While three years have passed since her daughter left the city, Santos remains frustrated with the lack of accessible quality care. Though her daughter is bilingual, Santos wishes there were services available in Spanish for her to better understand the therapeutic process as a parent.
“I also would have liked to help her and understand what the therapist wanted to do with her,” Santos said in Spanish. “My daughter’s problem was mine, my husband’s, my children’s. It was a family problem.”
The lack of access to quality and affordable services is difficult to improve in a short amount of time. However, residents and city officials have started taking some tangible steps to address the problem.
Within the city’s EPLAN report, officials surveyed approximately 200 community leaders. Their top health priority was addressing mental health concerns. In addition, another survey in the report showed 43.4 percent of respondents said mental health issues — the top answer — were the most important problems affecting quality of life in Evanston.
The action plan put forward a goal of decreasing the 8.3 percent of people aged 12-17 who experienced a major depressive episode in 2008 to 7.5 percent by 2020. One intervention strategy listed was training city employees in Mental Health First Aid to better serve those experiencing mental health crises. Another was partnering with the Mental Health Board to facilitate data collection and resource guides.
Last November, the Mental Health Board was allocated a budget of $736,373 for the current fiscal year. The city’s proposal initially suggested a quarter-million dollar cut in funding, which was not included in the approved budget. During their meeting, board members assigned points to city agencies based on assessments of things like diverse reach for organizations that applied for funding, and allocated money accordingly.
The Mental Health Board works with the city directly, rather than the school districts, said Jessica Wingader, the city’s grants and compliance specialist. Because of this separation, she said the most the board can do in terms of fixing District 65 and District 202 inequities is fund nonprofit agencies such as Metropolitan Family Services or Trilogy.
While school districts have examined disparities in mental health care, particularly between children of color and white children, Flores said Evanston tends to limit the focus to differences between black and white residents. Oftentimes, she said that leaves out Latinx experiences.
Organizations such as Evanston Latinos and Evanston CASE have held community discussions surrounding family rights when it comes to getting accessible mental health services.
In addition, families can band together to help each other navigate the complex mental health system. Through Facebook groups like Evanston CASE’s, parents ask each other for resources — some even attend meetings with fellow parents who don’t understand complicated proceedings like the IEP process, Allyn said.
Health agencies like The Family Institute at Northwestern operate on a sliding scale, aiming to serve as an affordable option. The Institute has an affordable counseling program staffed by Northwestern graduate students training to become therapists. A session with one of them can cost as little as $5 and does not require any type of insurance.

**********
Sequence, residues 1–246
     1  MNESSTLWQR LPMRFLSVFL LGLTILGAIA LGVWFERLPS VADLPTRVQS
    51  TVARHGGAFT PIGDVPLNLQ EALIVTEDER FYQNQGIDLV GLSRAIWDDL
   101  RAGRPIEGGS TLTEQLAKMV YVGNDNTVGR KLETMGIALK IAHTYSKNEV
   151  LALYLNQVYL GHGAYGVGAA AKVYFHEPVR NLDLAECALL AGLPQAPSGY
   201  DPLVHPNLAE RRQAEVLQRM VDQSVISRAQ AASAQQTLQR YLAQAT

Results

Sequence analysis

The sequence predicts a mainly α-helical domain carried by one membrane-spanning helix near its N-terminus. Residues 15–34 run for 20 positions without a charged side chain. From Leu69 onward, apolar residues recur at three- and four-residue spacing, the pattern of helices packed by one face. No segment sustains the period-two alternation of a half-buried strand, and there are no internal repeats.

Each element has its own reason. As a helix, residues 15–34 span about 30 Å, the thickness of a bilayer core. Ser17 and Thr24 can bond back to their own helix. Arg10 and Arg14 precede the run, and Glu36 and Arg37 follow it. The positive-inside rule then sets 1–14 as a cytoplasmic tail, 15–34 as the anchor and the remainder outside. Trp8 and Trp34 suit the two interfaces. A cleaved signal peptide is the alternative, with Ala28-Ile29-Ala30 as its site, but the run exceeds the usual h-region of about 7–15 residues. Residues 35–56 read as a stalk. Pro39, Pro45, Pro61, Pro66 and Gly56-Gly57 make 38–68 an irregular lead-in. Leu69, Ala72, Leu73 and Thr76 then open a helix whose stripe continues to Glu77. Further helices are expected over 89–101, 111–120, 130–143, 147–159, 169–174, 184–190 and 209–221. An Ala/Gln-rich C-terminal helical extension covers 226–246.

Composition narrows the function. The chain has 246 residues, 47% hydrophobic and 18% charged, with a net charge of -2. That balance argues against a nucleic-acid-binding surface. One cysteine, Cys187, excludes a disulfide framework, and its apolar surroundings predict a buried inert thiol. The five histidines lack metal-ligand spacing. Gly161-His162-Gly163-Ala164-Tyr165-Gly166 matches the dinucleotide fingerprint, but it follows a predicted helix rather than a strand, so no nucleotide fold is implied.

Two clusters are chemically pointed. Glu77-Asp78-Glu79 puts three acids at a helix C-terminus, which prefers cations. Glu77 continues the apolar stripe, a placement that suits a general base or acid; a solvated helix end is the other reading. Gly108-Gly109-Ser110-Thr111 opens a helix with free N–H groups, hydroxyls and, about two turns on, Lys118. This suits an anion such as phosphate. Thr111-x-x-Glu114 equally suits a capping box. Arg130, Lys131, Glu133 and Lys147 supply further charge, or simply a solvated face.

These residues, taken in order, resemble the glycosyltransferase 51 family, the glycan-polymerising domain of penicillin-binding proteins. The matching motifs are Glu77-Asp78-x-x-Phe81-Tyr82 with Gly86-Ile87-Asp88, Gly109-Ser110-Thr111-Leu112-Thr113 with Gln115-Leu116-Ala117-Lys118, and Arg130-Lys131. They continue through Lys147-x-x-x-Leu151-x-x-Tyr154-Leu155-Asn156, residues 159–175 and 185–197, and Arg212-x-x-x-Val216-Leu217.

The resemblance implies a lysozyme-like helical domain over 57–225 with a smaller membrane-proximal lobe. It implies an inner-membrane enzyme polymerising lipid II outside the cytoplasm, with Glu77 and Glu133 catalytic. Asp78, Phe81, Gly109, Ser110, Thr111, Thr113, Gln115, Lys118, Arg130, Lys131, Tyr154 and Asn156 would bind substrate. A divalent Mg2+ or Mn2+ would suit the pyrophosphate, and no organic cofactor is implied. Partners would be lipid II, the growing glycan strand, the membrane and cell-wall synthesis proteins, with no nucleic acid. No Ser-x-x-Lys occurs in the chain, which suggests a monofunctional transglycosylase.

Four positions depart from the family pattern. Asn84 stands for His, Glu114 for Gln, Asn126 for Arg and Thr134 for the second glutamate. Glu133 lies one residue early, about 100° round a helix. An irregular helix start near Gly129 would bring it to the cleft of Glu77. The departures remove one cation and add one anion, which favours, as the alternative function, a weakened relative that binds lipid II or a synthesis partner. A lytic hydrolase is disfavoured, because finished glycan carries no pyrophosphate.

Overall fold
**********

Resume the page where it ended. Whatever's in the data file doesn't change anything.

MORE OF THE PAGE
Though the clinic’s goal is outreach to “underserved populations, including racial ethnic minorities and lesbian, gay, bisexual and transgender individuals,” chances are, patients will likely see therapists from a homogeneous group: white women.
The low availability of diverse, bilingual or bicultural students who are therapists-in-training persists every year. For marginalized District 65 and District 202 students, this lack of diversity impacts every level of care — from not receiving nuanced understanding from their therapist, to increasing wait times for affordable or multilingual clinicians.
Edwards said he was one of the few black men in both his undergraduate psychology and graduate social work programs. In a field overrepresented with white women, there is a systemic problem that he said starts with the lack of recruitment of bilingual students, people of color, immigrants and other marginalized individuals.
Of the 496 students studying subjects in Social and Behavioral Sciences in The Graduate School last fall, 83 percent were women, while just 30 percent identified as American Indian, Black, Hispanic or Pacific Islander. Only 3 percent identified as international students.
And ultimately, Edwards said that disparity creates a lack of a pipeline into the industry.
“You say you want to hire teachers of color or educators of color,” he said. “You’re going to have a hard time going to those grant programs and undergraduate programs and finding people of color who even go to college to do that.”
Parents like Allyn think more comprehensive mental health resources would also be crucial for students. She said she would want a clinical therapist on staff with whom students could sign up to have individual sessions during the school day, although she doesn’t know what that might look like in practice. Allyn also said she wished the process to receive special services were less “adversarial.”
Many community members, district workers and city officials have identified Evanston residents’ limited access to mental health as a problem to be solved. However, the city is at a standstill with how to proceed — now that issues have been named, more tangible solutions have yet to be addressed at the district level.
While parent organizations and the groups like the Mental Health Board work to fix individual problems, students — especially marginalized ones — are still struggling daily in school.
“I look at the services that these kids get — our black and brown kids get — (and they) are really subpar,” Rothe said. “I feel really scared some days to go to work because sometimes the only mental health services they get are the people that I can (send to the hospital).”
Samantha Handler contributed reporting.